When SBS Film spoke to Greg Lalas about his soccer-themed film event, Kicking + Screening (K+S, to its followers), the drama of the final day of the 2011-12 English Premier League season was a statistical possibility. But nobody could have envisioned the final moments of what some have called the most exciting end to a top-flight domestic competition in the history of the sport. So, it was serendipity of the highest order that Lalas secured May 17 as the date for the launch of the Liverpool leg of their celebration of football on film. It's fair to say that every Englishman's passion for The World Game will be at fever pitch in the wake of Sergio Aguero's last-gasp, season-winning goal for Roberto Mancini's Manchester City.
“The festival is really about the passion and culture of the game. The actual football is merely manifestation of that passion,” said Lalas, an ex-Major League Soccer player and now editor-in-chief of the American League's website, MLSsoccer.com. “I think, at times, this is something the players and clubs and sponsors forget – that this game goes much beyond the white lines and even beyond the stands. It's in the streets, in the backyards, in the blood, as one filmmaker put it.”
Lalas co-founded the screening series with partner Rachel Markus in April 2009, with the concept being conceived, oddly enough, in a New York restaurant. Markus and Lalas met on a blind-date which could have gone bad. According to Lalas, Markus was not sold on his idea at first. “But I told her, 'Look, if we have 20 friends over to our apartment and show a soccer film, we can call it a soccer film festival,'” he recalled. “In the end, we called in some favours from friends who own bars and they let us show films. It was very organic, very fun. And everyone was so appreciative of it. The next year, we moved into a real cinema.”
The fourth instalment of the New York leg unfolds in late June, where it's now firmly entrenched in The Big Apple's film festival calendar. It was inevitable that Lalas and Markus would take the festival to the birthplace of the game; the inaugural London screenings were held last year, with the 2012 edition slated for late September. “I knew a guy named Grant Best, who directs EPL matches for Sky,” Lalas explained. “Rachel called Tom Watt, who was on EastEnders and now does stuff for Arsenal TV. They convinced several people from the football community – a small cinema chain in North London, Arsenal, Bobby Moore Fund, even the FA – to lend some kind of support. It was brilliant.”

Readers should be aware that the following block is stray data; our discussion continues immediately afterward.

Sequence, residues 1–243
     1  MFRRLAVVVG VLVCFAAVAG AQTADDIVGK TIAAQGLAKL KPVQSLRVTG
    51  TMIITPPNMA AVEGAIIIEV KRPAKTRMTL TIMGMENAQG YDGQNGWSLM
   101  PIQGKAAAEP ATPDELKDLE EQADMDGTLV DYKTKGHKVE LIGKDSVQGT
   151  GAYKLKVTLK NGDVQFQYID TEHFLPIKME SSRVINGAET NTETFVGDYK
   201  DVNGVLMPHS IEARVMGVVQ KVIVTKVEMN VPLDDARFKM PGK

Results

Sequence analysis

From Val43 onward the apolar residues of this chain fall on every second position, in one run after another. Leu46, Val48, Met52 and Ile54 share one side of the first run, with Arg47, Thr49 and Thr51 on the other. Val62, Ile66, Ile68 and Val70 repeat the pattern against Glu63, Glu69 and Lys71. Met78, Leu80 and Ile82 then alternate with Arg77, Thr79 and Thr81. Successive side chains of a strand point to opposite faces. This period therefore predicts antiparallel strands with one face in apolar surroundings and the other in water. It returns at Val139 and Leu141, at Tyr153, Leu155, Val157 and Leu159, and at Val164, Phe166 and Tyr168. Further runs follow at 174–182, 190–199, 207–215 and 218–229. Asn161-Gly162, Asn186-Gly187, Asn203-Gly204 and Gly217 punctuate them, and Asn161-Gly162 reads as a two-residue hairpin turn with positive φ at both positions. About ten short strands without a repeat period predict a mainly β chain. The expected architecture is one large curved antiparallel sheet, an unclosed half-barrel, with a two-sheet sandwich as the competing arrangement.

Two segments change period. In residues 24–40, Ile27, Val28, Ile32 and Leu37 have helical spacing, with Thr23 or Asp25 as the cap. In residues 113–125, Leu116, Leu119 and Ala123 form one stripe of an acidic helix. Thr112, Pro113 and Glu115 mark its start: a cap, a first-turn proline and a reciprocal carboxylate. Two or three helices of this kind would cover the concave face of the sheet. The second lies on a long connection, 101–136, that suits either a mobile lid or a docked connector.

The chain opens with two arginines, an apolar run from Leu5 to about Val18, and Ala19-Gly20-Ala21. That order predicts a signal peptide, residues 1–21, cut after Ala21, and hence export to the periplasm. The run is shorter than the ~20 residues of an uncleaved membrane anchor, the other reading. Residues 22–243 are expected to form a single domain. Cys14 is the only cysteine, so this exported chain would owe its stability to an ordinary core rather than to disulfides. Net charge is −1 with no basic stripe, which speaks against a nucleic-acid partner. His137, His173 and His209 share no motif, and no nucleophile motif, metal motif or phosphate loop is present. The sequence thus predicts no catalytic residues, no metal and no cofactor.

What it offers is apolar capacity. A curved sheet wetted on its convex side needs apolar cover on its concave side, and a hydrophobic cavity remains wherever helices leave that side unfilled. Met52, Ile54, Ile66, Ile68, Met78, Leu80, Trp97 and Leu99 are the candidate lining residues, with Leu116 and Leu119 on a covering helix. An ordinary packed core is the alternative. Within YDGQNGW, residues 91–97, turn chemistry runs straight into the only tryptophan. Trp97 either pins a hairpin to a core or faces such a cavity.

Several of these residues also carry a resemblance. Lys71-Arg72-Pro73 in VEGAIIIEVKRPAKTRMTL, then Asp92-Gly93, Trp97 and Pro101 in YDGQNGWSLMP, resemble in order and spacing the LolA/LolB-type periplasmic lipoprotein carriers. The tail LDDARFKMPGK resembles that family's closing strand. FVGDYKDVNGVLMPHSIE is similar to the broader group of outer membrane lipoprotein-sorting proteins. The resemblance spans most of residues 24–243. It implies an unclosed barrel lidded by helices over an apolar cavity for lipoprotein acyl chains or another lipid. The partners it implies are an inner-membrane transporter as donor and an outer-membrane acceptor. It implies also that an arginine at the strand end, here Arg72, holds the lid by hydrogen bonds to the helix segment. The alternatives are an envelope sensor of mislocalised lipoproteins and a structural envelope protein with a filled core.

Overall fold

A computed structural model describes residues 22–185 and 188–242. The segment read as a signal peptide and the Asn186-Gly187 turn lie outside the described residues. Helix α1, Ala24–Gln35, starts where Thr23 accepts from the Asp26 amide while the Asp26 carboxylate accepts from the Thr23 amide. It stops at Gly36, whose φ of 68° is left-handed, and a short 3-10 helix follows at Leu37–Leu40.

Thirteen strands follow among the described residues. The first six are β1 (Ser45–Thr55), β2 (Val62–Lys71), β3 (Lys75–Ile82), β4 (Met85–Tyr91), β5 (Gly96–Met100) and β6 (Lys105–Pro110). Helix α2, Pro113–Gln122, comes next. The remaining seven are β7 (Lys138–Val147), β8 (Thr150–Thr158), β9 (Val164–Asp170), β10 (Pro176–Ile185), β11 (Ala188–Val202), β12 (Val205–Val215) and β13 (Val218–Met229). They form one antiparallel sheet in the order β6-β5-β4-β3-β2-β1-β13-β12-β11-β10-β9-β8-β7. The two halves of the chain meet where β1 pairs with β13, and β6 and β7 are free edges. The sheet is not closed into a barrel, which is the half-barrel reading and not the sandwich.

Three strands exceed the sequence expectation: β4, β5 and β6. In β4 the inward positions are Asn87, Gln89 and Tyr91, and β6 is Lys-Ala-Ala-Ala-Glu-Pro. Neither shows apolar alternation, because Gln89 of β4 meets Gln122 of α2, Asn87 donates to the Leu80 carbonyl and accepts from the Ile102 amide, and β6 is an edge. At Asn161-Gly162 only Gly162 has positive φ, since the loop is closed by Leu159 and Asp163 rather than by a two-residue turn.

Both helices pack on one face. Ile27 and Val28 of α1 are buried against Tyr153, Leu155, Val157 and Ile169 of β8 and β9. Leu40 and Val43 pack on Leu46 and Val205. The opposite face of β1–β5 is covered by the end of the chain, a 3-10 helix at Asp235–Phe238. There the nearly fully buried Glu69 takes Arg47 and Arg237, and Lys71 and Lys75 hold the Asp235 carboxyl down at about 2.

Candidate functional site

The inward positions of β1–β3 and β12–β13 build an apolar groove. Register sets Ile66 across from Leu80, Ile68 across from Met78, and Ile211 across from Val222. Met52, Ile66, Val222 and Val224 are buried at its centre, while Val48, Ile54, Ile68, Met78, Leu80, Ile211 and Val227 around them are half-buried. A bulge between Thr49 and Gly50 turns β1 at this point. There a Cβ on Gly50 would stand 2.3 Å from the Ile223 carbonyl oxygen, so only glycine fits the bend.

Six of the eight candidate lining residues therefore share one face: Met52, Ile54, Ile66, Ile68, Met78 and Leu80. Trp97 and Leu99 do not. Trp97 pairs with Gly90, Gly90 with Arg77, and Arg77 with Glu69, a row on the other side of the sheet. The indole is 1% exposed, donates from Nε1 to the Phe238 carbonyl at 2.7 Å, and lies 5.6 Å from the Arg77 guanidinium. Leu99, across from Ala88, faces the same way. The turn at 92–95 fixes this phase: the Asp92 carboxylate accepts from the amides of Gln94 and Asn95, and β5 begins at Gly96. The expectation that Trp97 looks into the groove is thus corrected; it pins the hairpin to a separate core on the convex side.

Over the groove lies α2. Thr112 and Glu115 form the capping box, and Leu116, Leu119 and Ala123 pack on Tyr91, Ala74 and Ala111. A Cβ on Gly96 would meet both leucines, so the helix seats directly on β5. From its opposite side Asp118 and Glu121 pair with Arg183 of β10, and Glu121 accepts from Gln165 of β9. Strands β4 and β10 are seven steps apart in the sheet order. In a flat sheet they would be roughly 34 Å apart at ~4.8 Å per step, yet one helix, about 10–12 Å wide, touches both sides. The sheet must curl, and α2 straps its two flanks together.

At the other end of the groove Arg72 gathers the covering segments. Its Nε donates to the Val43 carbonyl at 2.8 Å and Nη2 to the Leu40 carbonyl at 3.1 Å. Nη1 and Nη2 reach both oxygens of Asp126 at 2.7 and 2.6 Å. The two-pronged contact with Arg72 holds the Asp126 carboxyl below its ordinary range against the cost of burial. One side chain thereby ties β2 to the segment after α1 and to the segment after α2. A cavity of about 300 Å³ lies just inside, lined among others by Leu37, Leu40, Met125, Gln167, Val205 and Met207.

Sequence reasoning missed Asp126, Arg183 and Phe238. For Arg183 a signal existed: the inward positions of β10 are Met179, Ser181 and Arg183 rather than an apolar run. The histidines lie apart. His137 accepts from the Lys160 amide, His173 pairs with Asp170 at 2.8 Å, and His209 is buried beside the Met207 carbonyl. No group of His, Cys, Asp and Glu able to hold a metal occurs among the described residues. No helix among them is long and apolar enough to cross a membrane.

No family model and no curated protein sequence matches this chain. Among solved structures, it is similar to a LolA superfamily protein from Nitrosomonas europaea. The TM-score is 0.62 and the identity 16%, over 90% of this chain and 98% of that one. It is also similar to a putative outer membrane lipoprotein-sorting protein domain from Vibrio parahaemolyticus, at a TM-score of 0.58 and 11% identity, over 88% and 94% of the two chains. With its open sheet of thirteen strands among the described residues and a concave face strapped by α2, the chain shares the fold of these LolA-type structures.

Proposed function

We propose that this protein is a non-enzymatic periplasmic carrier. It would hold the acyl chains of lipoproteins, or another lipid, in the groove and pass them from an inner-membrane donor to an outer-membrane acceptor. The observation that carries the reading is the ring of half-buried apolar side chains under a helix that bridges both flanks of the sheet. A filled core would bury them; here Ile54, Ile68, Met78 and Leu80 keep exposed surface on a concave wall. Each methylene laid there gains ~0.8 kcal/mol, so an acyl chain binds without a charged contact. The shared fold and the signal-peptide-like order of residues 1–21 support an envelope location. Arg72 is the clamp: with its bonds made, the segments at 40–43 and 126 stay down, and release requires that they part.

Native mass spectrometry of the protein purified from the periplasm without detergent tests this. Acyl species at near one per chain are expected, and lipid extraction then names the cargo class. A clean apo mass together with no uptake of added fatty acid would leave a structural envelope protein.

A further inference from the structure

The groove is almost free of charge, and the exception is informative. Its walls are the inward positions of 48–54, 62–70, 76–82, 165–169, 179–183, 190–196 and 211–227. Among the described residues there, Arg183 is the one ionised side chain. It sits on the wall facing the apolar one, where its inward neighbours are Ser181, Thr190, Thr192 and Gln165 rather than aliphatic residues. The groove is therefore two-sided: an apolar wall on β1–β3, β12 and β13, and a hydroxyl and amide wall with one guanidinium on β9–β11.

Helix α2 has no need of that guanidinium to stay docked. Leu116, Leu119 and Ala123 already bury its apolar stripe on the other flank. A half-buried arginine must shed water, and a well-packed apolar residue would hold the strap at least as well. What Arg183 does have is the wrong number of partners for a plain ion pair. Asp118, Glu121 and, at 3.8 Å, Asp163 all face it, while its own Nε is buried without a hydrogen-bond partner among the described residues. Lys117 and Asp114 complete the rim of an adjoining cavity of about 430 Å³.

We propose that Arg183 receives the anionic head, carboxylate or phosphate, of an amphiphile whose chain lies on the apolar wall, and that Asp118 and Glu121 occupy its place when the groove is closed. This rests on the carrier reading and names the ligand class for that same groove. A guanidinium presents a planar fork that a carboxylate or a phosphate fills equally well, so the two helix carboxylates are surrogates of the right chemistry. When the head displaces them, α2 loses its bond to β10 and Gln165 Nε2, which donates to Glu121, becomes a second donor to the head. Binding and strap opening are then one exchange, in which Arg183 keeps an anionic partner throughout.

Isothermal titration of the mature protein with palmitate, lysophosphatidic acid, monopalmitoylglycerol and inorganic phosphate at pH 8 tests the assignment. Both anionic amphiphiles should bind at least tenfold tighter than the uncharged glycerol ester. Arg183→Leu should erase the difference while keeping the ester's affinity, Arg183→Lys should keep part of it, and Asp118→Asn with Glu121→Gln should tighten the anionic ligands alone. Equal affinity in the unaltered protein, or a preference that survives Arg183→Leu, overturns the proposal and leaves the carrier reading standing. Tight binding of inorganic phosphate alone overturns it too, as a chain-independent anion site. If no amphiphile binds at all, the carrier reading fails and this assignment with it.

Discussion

The programming to-date has focused primarily on documentaries. This week's three-day event in Liverpool will feature: Juan Pablo Roubio's Argentina Fútbol Club, a thrilling account of the regional rivalry that explodes every time South American mega-clubs Boca Juniors and River Plate meet in the game they call 'Superclásico'; Paul Crowder and John Dower's Once in a Lifetime (pictured), an account of the rise and fall of America's first superstars of soccer, the New York Cosmos; and Swedish filmmakers Martin Jönsson's and Carl Pontus Hjorthén's The Last Proletarians of Football, which charts the game-changing playbook of Sven-Göran Eriksson's 1980s giants IFK Göteborg and his adherence to the principles of social reformation known as 'The Swedish Model'.
Lalas said he would happily screen fictionalised films but titles realistic enough to appease the hardcore fans that K+S attracts are not easy to come by. “Green Street Hooligans did a good job of showing the power and pace and thrill of a match being seen a pitch-level. Escape to Victory did well to capture some of the little motions of the game,” he admitted, recalling that John Huston's often-maligned POW-soccer drama starring Michael Caine and Sylvester Stallone closed the London 2011 event. “The hard part is that most actors aren't good enough on the pitch to do anything convincingly enough. I guess that's why most soccer films are documentaries that leave the playing to the real players and the acting to the real actors.”
The growth of Kicking + Screening since its inception has been remarkable by film festival standards, but given the game is played in all corners of the world, not particularly surprising. (Frankly, it's astonishing it took until 2009). In addition to the annual NYC screenings, events have been held Amsterdam and Kerala, India, and in the soccer-mad US cities of Washington DC, Houston and North Adams, Massachusetts. Following the Liverpool season, the next satellite event will launch September 13 in Portland, Oregon, home of the Portland Timbers. (“They sell out every single game and have a massive, organised supporters' group called the Timbers Army, as good as anything in Europe,” says Lalas). Australia is also a goal, with Lalas acknowledging he's had submissions from Australian documentarians and saying that the K+S team would be thrilled to present the works on their home soil.
Lalas is ultimately happy to take on the workload if it means spreading the fervour of the sport. “That's what it's really all about: getting the community together,” he says. The power of the game to unite was evident in last December's Kerala event, perhaps the highlight of Lalas' time in charge. “500 people showed up for an outdoor screening! It was incredible. Because footy fans are the same everywhere: they love the game, they love the camaraderie, they love the art.”